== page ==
ELEPHANTS IN THE ETHICS ROOM

The essential issue avoided in Ethics is that of motivation and, especially, how to respond to the circumstance where we prefer rationally & reasonably to avoid doing what would otherwise be "desirable" or "right". It would be slightly misleading to call this the challenge of the opportunist, or the free-rider, since identifying these as the culprits fails to acknowledge that it is largely a matter of degree rather than confronting a specific group. It is a rightful privilege for all of us, at times, to be opportunistic or indeed to take a ride for free.

The recourse to the word Ethics is easy & lazy. The concept must first be defined in a variety of directions such as north & south, east & west. On one reading of the compass, ethics is about taking the more comprehensive view. There is a devout hope that, in the long run, virtue, like foresight, will be rewarded or, failing this, it will be prove to be its own reward, as if the future always trumped the present. According to some religious perspectives or indeed prayers, even seeking to obtain reward is to be disparaged, and the question is consequently suppressed, which is short-sighted, since it always imposes itself anew.

The brief answer to the question of moral motivation is that ingrained habits dye (sic) hard, especially when kept in line by social sanction and, at the extreme, the lengthy arm of the law. A bigger answer is that a person's sense of self might be sufficently large to encompass a few or many of their fellow mortals, causing a fortunate conflation of egoism and altruism.

Be that as it may, any individual will experience an ebb & flow of their sense of self, or sufficient fuzziness if not deceit in their self-image, so as to do what is rational at the individual level while drawing limits to what they do for others; others who, it should be said, may well if not likely have no compunction about exploiting the moral sensibilities of those less worldly-wise than themselves.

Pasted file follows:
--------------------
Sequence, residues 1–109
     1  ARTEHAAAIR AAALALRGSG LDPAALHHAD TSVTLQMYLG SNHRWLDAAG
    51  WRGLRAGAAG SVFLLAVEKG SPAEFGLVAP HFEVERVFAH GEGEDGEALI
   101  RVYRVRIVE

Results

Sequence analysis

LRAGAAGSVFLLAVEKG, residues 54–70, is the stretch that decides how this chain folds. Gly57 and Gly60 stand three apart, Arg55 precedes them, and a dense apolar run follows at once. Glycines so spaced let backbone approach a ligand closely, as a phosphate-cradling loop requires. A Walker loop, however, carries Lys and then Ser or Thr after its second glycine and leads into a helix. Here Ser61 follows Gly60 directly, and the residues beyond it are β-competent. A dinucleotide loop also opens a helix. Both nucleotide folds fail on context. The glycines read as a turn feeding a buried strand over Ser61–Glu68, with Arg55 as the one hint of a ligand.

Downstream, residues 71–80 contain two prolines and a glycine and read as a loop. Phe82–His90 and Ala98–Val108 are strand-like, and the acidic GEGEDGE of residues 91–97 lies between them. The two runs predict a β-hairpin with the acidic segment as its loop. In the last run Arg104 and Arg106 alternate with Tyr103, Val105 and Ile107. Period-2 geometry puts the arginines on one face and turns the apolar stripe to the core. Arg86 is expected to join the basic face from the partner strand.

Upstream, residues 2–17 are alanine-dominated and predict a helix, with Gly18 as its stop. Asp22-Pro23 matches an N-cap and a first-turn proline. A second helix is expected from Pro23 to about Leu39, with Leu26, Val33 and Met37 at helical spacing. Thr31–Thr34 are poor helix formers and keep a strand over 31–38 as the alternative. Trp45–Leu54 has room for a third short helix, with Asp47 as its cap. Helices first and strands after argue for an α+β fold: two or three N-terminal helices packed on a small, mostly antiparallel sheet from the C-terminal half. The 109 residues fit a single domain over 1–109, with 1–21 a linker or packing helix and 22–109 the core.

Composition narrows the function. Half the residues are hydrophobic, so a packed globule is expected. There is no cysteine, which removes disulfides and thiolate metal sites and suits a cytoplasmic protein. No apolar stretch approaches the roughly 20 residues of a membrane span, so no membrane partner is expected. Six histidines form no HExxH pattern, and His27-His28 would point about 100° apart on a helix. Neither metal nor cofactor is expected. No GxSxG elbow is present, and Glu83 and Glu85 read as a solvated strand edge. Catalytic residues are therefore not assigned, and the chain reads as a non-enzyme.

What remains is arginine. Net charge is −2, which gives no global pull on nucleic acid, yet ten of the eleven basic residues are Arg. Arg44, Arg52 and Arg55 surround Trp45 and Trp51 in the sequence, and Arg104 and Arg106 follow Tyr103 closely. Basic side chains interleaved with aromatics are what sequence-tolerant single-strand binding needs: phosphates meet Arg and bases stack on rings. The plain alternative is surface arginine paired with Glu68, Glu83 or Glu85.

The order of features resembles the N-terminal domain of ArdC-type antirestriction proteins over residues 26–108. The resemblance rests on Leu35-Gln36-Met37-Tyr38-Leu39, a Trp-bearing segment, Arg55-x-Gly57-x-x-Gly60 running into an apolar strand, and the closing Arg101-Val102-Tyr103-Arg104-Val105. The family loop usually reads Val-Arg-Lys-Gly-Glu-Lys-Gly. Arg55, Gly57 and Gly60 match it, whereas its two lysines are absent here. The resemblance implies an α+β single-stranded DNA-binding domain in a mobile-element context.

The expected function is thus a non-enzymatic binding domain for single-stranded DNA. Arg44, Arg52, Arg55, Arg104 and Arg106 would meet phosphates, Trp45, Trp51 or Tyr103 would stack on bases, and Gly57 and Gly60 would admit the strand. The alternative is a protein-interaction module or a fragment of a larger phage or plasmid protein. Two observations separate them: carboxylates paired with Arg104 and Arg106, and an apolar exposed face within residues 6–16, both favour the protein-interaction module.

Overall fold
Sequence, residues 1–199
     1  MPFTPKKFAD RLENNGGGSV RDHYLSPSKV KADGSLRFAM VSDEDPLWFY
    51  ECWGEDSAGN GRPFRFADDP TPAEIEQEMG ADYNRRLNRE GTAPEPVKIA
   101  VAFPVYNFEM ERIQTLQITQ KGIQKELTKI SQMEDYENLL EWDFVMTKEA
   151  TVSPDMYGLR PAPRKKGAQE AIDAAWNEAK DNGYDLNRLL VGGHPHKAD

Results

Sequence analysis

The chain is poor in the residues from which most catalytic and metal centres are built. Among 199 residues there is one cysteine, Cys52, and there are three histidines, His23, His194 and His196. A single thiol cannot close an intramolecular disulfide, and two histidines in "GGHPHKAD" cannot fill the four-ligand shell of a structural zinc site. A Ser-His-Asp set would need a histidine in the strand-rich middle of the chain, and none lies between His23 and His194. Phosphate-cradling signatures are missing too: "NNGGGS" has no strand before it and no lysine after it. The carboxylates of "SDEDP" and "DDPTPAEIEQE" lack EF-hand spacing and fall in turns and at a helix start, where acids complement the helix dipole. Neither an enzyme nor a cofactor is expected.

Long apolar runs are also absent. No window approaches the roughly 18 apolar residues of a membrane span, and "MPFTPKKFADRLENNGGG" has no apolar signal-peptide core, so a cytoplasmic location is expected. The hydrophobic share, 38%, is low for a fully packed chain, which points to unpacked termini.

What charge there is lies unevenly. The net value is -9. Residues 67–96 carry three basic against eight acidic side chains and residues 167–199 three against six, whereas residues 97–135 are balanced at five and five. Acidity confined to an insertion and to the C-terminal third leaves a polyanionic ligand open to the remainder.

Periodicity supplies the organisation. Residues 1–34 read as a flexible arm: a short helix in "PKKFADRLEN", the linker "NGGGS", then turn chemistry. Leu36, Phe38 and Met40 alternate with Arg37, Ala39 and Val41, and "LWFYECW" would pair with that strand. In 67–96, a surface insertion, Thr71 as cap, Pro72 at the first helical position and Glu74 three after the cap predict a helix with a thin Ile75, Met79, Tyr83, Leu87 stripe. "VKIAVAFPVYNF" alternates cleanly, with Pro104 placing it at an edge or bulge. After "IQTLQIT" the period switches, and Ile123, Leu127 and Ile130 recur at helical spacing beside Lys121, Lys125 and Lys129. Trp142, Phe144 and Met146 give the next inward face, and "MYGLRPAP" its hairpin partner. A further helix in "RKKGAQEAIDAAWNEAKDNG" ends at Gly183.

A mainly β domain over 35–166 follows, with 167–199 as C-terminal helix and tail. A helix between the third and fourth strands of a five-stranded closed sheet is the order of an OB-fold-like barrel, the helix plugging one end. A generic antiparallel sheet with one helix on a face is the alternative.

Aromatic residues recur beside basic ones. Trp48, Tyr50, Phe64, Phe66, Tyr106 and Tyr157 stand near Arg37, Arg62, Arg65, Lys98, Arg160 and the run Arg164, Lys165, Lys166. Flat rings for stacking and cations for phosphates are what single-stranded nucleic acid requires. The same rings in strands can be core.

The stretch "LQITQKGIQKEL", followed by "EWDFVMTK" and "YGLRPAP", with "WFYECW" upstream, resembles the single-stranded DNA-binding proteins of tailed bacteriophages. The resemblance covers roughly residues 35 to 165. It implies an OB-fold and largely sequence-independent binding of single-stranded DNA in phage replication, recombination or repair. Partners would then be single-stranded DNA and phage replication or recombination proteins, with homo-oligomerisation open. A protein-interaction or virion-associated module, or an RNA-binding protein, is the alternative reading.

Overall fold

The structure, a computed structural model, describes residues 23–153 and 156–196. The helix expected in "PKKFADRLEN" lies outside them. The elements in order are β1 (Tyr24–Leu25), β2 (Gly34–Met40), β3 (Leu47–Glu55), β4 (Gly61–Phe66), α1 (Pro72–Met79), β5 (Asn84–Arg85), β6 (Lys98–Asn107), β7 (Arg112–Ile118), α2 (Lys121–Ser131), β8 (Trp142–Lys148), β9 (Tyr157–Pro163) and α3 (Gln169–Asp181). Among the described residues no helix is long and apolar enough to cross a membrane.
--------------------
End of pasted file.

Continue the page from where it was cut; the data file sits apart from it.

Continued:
The scope of ethics cannot, therefore, be confined, as it mostly is, to issues of what is best for the wider good or to tackling quandaries when ways of thinking - whole moralities indeed - conflict with each other. Ethics is not only about judging finely the best course of action when we are torn two ways, or about where to draw the line between what should be governed by law or custom and what must be left to individual if contentious discretion.

The scope of ethics also encompasses passing judgement on others and then acting in accordance therewith. It is vain to suppose that the opportunist will be moved to abandon opportunity by appealing to his vanity or even the unsustainability of his course of action in an unsure future. The opportunist is not bound to be consistent; that is the whole point about opportunism.

The opportunist is stopped only when someone bars his way. The problem is who that someone is to be, for the world is full of passably good people who would prefer it not to be them; rather that the CUP of being unpleasant pass over. People who take it on themselves to utter judgements must, moreover, themselves fear being judged, and their motivation will be suspect, in the eyes of many. If all other slander fails, then it is their psychological balance that can be impuned: they are bound to be busy-bodies. If some whistleblowers are misfits, it follows all must be, and the ad hominem argument proves surely that the substance of their complaint can, therefore, itself hardly be substantiated.